The Obama Administration is currently working on a plan for the future of housing finance in the United States. The report was supposed to be delivered last week, but the deadline was missed. A rumored part of the plan would be to allow the high balance conforming loan limit to fall to $625,000 in September. This could cause mortgage rates to rise for prospective homeowners in high cost areas such as California and New York.
There is a legal limit on the maximum size mortgage loan that government sponsored entities (GSEs) Fannie Mae and Freddie Mac can purchase. This is known as the conforming limit, and is presently set at $417,000 in much of the country. In some areas where the median home price exceeds the conforming limit, the conforming limit is higher, up to $729,750 (175% of the conforming limit). Loans that fall in between $417,000 and $729,750 are referred to as high balance conforming loans. High balance conforming loan limits were temporarily raised in 2008 in order to stimulate jumbo home sales and to more equitably spread access to cheaper GSE funding.
The presence of the GSEs in jumbo markets crowds private investors from the market because few are willing or able to match Fannie and Freddie’s comparatively low rates. If the GSEs are unable to purchase loans above $625,000, the slack will need to be picked up by private investors. These investors will demand a higher return than the GSEs, and mortgage rates will rise on jumbo mortgages. Additionally, private investors often have higher down payment requirements than Fannie and Freddie. Those purchasing homes valued between $625,000 and $729,750 will not only see rates rise, but will likely have to put down more money up front.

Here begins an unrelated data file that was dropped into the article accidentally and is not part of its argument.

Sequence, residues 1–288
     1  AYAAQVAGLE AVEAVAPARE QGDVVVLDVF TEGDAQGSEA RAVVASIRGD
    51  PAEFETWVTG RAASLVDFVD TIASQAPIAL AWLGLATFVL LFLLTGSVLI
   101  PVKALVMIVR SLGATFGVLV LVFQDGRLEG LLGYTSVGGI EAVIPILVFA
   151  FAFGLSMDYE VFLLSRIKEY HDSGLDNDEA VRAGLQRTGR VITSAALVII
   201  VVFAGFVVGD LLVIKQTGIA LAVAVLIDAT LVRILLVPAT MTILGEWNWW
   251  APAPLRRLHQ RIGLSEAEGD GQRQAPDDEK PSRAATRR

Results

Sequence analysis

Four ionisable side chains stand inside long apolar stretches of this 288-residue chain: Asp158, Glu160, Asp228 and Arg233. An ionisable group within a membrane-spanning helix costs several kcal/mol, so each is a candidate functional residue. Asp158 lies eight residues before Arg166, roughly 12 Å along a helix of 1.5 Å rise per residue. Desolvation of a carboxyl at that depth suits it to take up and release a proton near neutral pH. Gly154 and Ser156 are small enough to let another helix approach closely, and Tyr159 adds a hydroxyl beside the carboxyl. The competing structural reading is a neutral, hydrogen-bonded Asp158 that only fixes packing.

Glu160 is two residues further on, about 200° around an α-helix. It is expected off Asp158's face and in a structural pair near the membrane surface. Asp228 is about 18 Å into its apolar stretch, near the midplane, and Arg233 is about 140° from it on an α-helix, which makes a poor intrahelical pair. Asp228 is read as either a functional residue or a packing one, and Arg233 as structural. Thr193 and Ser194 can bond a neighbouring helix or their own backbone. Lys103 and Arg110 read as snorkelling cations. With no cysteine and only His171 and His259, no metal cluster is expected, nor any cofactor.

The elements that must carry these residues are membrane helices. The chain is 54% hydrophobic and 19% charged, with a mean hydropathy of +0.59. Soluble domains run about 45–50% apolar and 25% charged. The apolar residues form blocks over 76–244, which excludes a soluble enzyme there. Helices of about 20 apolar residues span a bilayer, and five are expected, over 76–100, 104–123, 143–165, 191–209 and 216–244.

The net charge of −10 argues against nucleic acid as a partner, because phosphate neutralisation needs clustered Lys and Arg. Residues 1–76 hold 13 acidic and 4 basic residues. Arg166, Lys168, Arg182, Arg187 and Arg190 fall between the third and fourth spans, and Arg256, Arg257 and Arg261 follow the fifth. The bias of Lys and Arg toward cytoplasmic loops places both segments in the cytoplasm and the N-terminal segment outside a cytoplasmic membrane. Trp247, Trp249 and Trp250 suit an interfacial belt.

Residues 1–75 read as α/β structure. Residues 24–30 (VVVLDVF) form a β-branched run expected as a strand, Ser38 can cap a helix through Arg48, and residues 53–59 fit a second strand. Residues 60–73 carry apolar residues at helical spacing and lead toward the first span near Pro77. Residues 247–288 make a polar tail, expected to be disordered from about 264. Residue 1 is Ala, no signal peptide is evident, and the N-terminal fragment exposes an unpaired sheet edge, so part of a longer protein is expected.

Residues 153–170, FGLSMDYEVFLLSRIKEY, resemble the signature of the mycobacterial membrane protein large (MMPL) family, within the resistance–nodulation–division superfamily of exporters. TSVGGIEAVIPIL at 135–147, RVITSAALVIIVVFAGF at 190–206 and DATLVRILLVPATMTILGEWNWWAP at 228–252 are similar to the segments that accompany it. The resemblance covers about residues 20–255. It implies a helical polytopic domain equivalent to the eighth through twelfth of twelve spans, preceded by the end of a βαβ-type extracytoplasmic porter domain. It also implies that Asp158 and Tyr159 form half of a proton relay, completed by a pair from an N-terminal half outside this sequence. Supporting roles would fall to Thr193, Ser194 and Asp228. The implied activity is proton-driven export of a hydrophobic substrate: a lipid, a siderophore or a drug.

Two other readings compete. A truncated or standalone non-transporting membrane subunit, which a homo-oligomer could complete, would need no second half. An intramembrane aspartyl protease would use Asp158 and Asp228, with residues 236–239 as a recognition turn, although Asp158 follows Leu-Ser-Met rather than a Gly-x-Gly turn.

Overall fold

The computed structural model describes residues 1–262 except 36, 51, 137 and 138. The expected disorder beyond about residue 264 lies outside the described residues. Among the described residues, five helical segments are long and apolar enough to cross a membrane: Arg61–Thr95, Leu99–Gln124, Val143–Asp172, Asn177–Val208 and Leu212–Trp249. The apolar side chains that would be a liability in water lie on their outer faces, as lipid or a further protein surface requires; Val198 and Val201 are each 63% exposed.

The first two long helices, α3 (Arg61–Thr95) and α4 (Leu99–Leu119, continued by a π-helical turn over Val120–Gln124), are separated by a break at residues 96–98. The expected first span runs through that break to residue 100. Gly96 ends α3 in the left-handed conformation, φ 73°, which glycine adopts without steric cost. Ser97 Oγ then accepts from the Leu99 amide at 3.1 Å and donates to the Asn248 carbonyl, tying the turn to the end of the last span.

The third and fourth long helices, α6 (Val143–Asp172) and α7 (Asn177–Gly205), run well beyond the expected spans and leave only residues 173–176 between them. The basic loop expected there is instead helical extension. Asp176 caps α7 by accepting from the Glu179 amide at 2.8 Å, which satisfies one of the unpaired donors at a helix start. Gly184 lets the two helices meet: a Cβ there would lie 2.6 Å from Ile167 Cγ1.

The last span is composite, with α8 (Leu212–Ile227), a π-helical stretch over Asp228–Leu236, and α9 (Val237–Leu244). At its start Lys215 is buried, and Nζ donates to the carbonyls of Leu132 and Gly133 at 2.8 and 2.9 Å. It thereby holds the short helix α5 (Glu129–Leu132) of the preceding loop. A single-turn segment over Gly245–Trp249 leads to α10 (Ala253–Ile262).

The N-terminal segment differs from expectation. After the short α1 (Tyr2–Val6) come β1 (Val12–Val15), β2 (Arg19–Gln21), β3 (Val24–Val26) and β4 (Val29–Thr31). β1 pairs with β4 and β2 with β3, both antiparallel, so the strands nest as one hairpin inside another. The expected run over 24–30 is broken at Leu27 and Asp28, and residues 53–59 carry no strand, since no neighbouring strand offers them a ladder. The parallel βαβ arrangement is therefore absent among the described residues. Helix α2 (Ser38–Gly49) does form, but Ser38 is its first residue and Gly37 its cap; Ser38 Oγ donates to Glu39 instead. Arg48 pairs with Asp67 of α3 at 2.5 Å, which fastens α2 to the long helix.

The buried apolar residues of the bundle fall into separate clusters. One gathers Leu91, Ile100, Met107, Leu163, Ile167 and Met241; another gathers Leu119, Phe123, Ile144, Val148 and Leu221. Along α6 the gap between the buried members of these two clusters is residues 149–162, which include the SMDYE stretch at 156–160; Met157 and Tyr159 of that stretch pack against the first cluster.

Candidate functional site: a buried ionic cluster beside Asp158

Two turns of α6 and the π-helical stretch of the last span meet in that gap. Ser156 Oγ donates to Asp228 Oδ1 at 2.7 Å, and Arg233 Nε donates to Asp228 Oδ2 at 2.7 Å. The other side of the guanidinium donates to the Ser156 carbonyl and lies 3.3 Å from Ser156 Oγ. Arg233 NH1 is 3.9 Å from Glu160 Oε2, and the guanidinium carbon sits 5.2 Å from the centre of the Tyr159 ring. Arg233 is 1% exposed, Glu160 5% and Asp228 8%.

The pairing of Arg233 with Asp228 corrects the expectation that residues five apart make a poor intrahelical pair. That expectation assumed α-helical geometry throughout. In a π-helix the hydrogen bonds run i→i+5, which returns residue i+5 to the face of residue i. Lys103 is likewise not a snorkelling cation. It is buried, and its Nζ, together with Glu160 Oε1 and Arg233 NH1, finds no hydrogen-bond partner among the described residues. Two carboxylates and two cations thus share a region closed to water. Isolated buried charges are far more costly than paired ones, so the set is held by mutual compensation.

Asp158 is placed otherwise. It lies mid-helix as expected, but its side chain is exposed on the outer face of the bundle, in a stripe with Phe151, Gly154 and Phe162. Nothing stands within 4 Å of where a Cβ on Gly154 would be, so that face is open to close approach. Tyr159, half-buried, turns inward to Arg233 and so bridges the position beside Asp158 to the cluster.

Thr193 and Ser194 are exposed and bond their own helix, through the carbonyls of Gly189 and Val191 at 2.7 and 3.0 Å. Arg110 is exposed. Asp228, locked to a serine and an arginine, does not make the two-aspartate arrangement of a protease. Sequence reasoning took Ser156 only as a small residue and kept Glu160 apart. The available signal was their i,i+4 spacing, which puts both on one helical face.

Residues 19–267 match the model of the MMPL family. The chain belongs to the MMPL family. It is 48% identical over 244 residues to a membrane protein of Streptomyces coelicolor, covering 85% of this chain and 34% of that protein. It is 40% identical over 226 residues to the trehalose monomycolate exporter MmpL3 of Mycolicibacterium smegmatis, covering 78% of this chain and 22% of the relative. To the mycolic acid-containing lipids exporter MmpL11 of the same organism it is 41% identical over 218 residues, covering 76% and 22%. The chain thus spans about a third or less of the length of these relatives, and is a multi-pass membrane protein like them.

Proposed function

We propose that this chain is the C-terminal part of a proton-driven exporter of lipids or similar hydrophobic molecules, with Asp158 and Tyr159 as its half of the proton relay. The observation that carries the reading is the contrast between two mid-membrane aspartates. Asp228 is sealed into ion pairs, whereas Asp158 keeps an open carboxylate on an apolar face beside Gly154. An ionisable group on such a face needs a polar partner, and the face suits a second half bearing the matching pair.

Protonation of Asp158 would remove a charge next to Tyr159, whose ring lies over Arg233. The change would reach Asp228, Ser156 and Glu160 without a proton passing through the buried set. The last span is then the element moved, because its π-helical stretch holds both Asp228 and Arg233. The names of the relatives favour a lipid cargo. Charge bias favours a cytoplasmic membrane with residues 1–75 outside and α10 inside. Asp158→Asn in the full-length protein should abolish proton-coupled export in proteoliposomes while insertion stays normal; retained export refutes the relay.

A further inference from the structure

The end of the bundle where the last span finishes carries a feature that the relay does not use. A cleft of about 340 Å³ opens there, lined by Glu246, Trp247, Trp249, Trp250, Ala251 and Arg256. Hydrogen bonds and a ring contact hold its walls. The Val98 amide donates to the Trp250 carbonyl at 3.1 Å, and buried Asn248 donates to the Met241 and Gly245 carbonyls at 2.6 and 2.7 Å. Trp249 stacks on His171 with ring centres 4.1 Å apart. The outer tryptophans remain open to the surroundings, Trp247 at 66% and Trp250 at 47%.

This will mostly impact those who live in places such as Boston, Miami, New York City, Denver, and many California cities where the cost of housing is much higher than in other parts of the country. The increase in mortgage rates and required down payments will make it more difficult to buy and sell a house, and we could see additional downward pressure on houses in this price bracket.
The withdrawal of government support would be a reaction to the housing crisis, which was caused at least in part by the policies of Fannie Mae and Freddie Mac (although how much blame they bear is a subject of much debate). Fannie and Freddie were seized by the federal government and put into conservatorship in 2008 in order to prevent their collapse. Since that time, they have drawn more than $150 billion from the Treasury in order to remain solvent. The federal government backs or insures about 95% of new loan originations at this time, a number which many people feel is too high. Do you think the high balance loan limit should be allowed to revert to $625,000 in September? Let me know in the comments section below.